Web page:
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@Totovader just asked if there are other packages for doing Venn diagrams in R besides the limma package. Anyone got tips?

Here's some notes on doing Venn diagrams with the limma packages.

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Hi, I'm still looking for a package that will draw proportional Venn diagrams. Here's the closest thing that I found from 8 years ago, I was hoping that there would be a more recent development with this. – andrewj Mar 3 '11 at 21:58

8 Answers 8

up vote 3 down vote accepted

Duncan Murdoch has a venn package, which is not on CRAN. (hat tip to Gabor Grothendieck)

You can also read about it in the "Journal of Statistical Software".

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the first link is dead – userJT Dec 11 '12 at 19:35
@Shade the lase one also! – agstudy Feb 15 '13 at 15:12

There is Vennerable package on R-forge.

biocLite(c("graph", "RBGL", "gtools", "xtable"))
install.packages("Vennerable", repos="")

Venn diagram

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I use two custom functions that to the trick. My implementation of venndia plots the venn diagram and returns lists of overlaps between A and B (and C). See the code below.

With these, you can

vd <- venndia(A=LETTERS[1:15], B=LETTERS[5:20], getdata=TRUE)

which will both plot and return the data. you can switch off returning the data by doing

venndia(A=LETTERS[1:15], B=LETTERS[5:20])

since getdata is FALSE by default. /Daniel

circle <- function(x, y, r, ...) {
    ang <- seq(0, 2*pi, length = 100)
    xx <- x + r * cos(ang)
    yy <- y + r * sin(ang)
    polygon(xx, yy, ...)

venndia <- function(A, B, C, getdata=FALSE, ...){
    cMissing <- missing(C)
    if(cMissing){ C <- c() }

    unionAB <- union(A, B)
    unionAC <- union(A, C)
    unionBC <- union(B, C)
    uniqueA <- setdiff(A, unionBC)
    uniqueB <- setdiff(B, unionAC)
    uniqueC <- setdiff(C, unionAB)
    intersAB <- setdiff(intersect(A, B), C)
    intersAC <- setdiff(intersect(A, C), B)
    intersBC <- setdiff(intersect(B, C), A)
    intersABC <- intersect(intersect(A, B), intersect(B, C))

    nA <- length(uniqueA)	
    nB <- length(uniqueB)
    nC <- length(uniqueC)

    nAB <- length(intersAB)
    nAC <- length(intersAC)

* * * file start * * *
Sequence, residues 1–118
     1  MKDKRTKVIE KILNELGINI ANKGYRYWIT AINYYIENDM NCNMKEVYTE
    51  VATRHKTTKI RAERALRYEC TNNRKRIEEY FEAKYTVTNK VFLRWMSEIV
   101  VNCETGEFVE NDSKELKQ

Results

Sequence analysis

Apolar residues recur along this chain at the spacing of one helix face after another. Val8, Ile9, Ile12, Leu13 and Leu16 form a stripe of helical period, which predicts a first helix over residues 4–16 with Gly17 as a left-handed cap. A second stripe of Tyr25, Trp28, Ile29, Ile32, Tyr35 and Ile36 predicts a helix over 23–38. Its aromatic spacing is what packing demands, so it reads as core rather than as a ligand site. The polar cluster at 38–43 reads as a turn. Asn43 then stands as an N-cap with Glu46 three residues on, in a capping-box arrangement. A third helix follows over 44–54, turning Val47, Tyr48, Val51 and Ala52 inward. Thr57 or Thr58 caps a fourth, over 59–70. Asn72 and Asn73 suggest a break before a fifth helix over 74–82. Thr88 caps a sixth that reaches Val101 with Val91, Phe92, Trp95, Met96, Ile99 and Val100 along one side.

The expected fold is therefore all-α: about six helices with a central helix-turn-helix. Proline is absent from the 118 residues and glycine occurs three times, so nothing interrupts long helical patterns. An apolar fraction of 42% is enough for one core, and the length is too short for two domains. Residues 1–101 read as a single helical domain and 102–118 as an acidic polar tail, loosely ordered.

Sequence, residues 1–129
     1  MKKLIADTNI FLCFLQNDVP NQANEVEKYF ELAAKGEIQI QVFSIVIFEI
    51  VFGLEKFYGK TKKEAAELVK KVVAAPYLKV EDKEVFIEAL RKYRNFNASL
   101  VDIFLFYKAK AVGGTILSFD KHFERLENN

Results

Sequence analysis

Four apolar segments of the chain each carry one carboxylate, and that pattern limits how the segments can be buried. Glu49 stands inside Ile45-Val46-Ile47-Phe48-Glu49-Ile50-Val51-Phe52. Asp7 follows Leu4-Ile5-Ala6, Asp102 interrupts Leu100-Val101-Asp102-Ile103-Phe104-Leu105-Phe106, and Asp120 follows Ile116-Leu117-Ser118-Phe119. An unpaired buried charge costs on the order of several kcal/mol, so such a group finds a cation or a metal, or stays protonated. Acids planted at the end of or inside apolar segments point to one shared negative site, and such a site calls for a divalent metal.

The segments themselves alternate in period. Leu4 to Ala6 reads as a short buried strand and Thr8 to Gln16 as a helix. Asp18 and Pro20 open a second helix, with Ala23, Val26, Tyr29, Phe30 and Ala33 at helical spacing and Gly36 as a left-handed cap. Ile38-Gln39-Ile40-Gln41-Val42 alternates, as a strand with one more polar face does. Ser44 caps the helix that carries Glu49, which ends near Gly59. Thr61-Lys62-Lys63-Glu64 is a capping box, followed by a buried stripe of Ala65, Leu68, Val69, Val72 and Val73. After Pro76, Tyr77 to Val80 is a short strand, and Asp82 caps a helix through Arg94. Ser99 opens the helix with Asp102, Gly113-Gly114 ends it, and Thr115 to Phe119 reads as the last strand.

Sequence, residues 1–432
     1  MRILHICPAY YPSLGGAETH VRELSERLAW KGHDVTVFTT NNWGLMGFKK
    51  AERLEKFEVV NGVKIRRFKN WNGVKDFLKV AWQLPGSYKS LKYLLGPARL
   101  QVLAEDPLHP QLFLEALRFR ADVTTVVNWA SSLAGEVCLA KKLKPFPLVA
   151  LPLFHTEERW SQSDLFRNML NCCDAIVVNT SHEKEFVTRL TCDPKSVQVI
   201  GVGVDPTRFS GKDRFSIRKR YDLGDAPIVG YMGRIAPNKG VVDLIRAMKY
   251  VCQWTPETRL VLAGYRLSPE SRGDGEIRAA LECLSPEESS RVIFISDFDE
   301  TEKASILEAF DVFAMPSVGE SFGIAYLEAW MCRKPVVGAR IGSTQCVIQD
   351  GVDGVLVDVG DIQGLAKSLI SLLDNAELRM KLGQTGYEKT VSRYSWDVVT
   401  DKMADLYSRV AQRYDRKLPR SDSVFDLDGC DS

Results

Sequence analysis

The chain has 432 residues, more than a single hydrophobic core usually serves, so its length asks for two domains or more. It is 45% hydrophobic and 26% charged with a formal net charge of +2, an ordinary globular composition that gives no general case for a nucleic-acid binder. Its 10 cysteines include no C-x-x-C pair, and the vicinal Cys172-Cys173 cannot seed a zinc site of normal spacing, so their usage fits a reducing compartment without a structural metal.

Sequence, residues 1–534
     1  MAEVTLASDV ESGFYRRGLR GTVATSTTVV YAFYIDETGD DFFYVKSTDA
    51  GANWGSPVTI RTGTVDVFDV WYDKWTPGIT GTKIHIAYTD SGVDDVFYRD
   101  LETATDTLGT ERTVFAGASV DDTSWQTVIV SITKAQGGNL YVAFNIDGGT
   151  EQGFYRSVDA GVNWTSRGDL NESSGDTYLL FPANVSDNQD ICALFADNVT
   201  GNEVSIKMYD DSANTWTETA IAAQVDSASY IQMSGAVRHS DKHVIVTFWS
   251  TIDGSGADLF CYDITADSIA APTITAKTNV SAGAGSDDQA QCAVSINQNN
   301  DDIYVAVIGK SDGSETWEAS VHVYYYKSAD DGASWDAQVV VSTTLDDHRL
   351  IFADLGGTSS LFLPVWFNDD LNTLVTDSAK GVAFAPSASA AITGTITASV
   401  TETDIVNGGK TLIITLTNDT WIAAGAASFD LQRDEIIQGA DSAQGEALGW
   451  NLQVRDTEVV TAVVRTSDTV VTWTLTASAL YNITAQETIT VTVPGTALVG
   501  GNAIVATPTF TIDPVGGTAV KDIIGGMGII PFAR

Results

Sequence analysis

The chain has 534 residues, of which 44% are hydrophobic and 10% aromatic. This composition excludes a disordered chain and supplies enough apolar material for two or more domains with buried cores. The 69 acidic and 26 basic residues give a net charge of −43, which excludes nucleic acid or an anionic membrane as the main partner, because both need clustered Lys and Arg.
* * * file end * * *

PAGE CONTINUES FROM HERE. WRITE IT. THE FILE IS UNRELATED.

nBC <- length(intersBC)

    nABC <- length(intersABC)	

    par(mar=c(2, 2, 0, 0))
    plot(-10, -10, ylim=c(0, 9), xlim=c(0, 9), axes=FALSE, ...)
    circle(x=3, y=6, r=3, col=rgb(1,0,0,.5), border=NA)
    circle(x=6, y=6, r=3, col=rgb(0,.5,.1,.5), border=NA)
    circle(x=4.5, y=3, r=3, col=rgb(0,0,1,.5), border=NA)

    text( x=c(1.2, 7.7, 4.5), y=c(7.8, 7.8, 0.8), c("A", "B", "C"), cex=3, col="gray90" )

    	x=c(2, 7, 4.5, 4.5, 3, 6, 4.5), 
    	y=c(7, 7, 2  , 7  , 4, 4, 5), 
    	c(nA, nB, nC, nAB, nAC, nBC, nABC), 

    	list(A=uniqueA, B=uniqueB, C=uniqueC, 
    		AB=intersAB , AC=intersAC , BC=intersBC , 
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This comes very late but it might useful for others searching for an answer: VennDiagram, on CRAN here.

It allows multiple sets (four sets for venn, 3 sets for Euler diagrams), customizable colours and fonts, simple syntax and and best of all the size of the circles is proportional to the size of the data sets (at least when comparing 2 data sets). To install:


For those using bioconductor packages and working with genomic coordinates, recently vennDiagram was implemented in the package ChIPpeakAnno (version 2.5.12) and allows pretty intersections of Genomic coordinates of, for instance, Chip-seq peaks. For early adopters you might need to install the development package.

peaks1 = RangedData(IRanges(start = c(967654, 2010897, 2496704),
    end = c(967754, 2010997, 2496804), names = c("Site1", "Site2", "Site3")),
    space = c("1", "2", "3"), strand=as.integer(1),feature=c("a","b","f"))

peaks2 = RangedData(IRanges(start = c(967659, 2010898,2496700,3075866,3123260),
    end = c(967869, 2011108, 2496920, 3076166, 3123470),
    names = c("t1", "t2", "t3", "t4", "t5")),
    space = c("1", "2", "3", "1", "2"), strand = c(1, 1, -1,-1,1), feature=c("a","b","c","d","a"))

makeVennDiagram(RangedDataList(peaks1,peaks2, peaks1, peaks2), NameOfPeaks=c("TF1", "TF2","TF3", "TF4"),
     totalTest=100,useFeature=TRUE, main="Venn Diagram",
    col = "transparent",fill = c("cornflowerblue", "green", "yellow", "darkorchid1"),
    alpha = 0.50,label.col = c("orange", "white", "darkorchid4", "white", "white", "white", "white", "white", "darkblue", "white", "white", "white", "white", "darkgreen", "white"), cat.col = c("darkblue", "darkgreen", "orange", "darkorchid4"))
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vennDiagram allows for a maximum of 5 sets – OganM Feb 4 at 22:33
I went to the paper, and it is up to four sets and Euler diagrams with up to three sets. – fridaymeetssunday Feb 6 at 6:48
As of version 1.6.16, VennDiagram has a function draw.quintuple.venn(), which draws a Venn diagram for five sets. – Stephan Kolassa Oct 1 at 11:23

The venn function in the gplots package is also useful if you need to create Venn Diagram of 4/5 sets.

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Here is reference to another version for 3-variable data:

The code is also available in the package colorfulVennPlot:

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Please note that you should post the useful points of an answer here, on this site, or your post risks being deleted as "Not an Answer". You may still include the link if you wish, but only as a 'reference'. The answer should stand on its own without needing the link. – Andrew Barber Jan 31 '13 at 19:32

I would recommend the package VennDiagram:

On pake 19 you will find 10 pakes of very good examples (both advanced and simplified ones). As of yet I have not found anything that it can't do that I need it to do.

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